Note: This is part one of a two-part article.
Hospitals and other healthcare facilities present unique challenges when it comes to fire and life safety. Patients essentially live in facilities for days and even weeks at a time, meaning workers must cook meals and keep rooms warm, but the buildings also house combustible and electronic equipment. For these reasons, safety protocols and procedures are essential.
Fire hazards in a healthcare facility can be found in nearly every corner. But with effective, compliant preventive measures, fire and life safety hazards do not have to lead to fires that threaten the health and safety of patients, staff and visitors. Douglas King, vice president and national healthcare sector leader for Project Management Advisors, a national real estate consulting firm, offers insights on the most common fire and life safety hazards in existing healthcare facilities.
Kitchens. “The most common fire events that occur at a hospital occur in the kitchen and during the peak cooking period,” he says. “There's a section that explains why Joint Commission has a deeper interest in food service facilities. I think it's NFPA 96 (Standard for Ventilation Control and Fire Protection of Commercial Cooking Operations) that deals with kitchen hoods. Kitchens are our number one place where fires occur, closely followed by overloaded electrical circuits.”
Door and door hardware. “The issue with doors or hardware in an existing facility is that they are under constant use, and they need constant adjustment and repair,” King says. “If one goes around and surveys the doors on a hospital, there would be a bunch that are not latching, or they would have holes in them for inexplicable reasons.
“Generally, they would not be functioning. Some of that is due to the fact that they get cycled a lot. In many facilities, they have an ongoing process of door maintenance, where one or two carpenters go around all the time working on doors.“
Fire and smoke dampers. “They are difficult to monitor,” King says. “They get monitored in surveys once every four years or something like that. In a typical hospital, there can be many hundreds of these. At any given time, they'll fail to activate because they might have gotten out of plumb, so they don't close. Dampers are difficult to constantly monitor unless one has a remote monitoring program for dampers, but that's a pretty big investment.”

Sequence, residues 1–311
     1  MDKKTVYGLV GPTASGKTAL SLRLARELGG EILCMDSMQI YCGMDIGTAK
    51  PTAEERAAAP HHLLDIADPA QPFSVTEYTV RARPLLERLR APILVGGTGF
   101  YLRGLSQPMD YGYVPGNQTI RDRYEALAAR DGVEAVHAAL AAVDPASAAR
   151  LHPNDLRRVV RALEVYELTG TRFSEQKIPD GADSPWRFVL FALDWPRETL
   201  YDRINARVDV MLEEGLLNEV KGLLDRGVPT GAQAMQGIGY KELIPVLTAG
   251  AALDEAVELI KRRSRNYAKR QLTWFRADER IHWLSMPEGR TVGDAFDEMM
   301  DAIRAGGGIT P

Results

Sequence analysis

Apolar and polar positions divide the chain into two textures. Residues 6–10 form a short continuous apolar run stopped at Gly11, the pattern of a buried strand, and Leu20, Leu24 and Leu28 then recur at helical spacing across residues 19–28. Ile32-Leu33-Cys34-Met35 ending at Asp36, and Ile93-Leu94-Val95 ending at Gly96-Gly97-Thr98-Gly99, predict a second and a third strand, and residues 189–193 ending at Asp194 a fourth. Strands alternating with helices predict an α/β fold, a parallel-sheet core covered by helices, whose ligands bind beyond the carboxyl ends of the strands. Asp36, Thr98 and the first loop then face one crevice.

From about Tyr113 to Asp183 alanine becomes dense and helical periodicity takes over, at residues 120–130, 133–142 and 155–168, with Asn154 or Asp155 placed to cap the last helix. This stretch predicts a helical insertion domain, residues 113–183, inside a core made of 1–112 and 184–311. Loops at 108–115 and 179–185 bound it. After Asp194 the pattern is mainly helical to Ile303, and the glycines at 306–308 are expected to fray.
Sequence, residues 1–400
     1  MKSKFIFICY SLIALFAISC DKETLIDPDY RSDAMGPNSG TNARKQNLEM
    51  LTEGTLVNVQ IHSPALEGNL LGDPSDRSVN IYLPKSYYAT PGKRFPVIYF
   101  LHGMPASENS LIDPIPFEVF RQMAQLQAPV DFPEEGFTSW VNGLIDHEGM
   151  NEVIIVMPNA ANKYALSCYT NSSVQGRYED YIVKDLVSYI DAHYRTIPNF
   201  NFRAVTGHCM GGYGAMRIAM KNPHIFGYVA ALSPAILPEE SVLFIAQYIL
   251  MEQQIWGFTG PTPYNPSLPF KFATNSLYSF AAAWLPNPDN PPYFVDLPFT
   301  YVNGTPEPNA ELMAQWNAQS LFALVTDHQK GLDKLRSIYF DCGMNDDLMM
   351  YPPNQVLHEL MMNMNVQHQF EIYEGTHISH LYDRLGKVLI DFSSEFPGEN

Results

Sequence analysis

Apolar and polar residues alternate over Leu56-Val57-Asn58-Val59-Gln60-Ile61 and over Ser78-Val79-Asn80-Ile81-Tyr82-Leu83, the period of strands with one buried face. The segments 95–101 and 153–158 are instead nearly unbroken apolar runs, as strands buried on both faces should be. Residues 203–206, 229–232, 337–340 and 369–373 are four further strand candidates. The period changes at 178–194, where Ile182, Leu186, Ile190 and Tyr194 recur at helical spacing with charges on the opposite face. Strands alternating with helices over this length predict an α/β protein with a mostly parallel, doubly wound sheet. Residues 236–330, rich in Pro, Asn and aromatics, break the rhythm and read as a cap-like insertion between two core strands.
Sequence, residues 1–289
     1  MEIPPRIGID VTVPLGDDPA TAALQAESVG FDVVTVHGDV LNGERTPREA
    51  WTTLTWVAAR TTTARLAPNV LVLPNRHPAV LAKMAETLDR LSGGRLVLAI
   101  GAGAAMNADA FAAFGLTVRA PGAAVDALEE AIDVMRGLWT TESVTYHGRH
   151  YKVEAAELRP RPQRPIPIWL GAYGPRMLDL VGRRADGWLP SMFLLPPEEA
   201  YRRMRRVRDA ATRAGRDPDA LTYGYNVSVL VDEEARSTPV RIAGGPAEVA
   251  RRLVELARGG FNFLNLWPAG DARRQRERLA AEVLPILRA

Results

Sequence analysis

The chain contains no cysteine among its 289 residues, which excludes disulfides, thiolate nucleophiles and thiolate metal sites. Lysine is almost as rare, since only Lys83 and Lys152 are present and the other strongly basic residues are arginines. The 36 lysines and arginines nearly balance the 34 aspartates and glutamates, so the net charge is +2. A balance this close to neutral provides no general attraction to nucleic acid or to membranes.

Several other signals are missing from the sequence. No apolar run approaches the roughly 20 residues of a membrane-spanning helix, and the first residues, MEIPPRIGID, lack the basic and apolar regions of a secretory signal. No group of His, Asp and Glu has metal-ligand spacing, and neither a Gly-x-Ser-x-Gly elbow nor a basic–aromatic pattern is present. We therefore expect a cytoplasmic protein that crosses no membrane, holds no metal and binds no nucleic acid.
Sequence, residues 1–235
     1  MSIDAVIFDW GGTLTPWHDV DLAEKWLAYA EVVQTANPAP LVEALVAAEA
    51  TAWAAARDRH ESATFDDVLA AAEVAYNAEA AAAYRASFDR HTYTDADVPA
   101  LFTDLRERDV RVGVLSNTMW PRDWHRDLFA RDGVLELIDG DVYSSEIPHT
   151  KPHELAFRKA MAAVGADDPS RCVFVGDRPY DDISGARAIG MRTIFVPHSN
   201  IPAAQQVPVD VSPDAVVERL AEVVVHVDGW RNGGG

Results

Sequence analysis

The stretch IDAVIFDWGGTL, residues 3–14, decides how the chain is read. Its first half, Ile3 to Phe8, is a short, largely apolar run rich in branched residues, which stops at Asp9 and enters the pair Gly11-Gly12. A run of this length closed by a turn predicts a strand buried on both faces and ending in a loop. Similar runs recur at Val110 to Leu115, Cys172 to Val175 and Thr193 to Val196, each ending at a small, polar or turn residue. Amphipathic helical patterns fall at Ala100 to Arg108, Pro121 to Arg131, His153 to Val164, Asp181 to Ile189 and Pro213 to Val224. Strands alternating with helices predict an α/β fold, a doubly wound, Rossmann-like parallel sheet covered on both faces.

Fire-alarm device activation. “What happens is these devices don't get tested very often after they get installed,” he says. “They get tested haphazardly. As a result, they can be prone to failure. Testing these devices is a huge nuisance to the staff, so it’s not done very often or very thoroughly.”
Storage areas. “Healthcare facilities are always short on storage,” King says. “It's an area that gets cut during programming and planning for square footage. People are very creative in where they put storage, and storage is actually considered a hazardous use by the code and requires some code upgrades or upgrades for life safety to have a compliant storage area.”
Penetrations and IT systems. ”It's a verity that when a facility opens, most all the penetrations would be sealed accurately,” King says. “But I can guarantee that IT tends to add a lot of wiring after the building is open. And they're not particularly well known for being robust in fixing the penetrations. It's something we see constantly.”
King also points out one fire and life safety hazard that occurs frequently during new construction of healthcare facilities.
"When construction is occurring in a hospital, we've actually created a hazardous use,” he says. “Frequently when areas are under construction, they don't have typical life safety systems like sprinklering, detection and fire separations present in them. There's often welding going on in these areas, and they can create fire hazards. NFPA 241 (Standard for Safeguarding Construction, Alteration, and Demolition Operations) deals with mitigating the risk of construction activities in a facility. It has been adopted by the other model codes.”
Dan Hounsell is senior editor of the facilities market. He has more than 30 years of experience writing about facilities maintenance, engineering and management.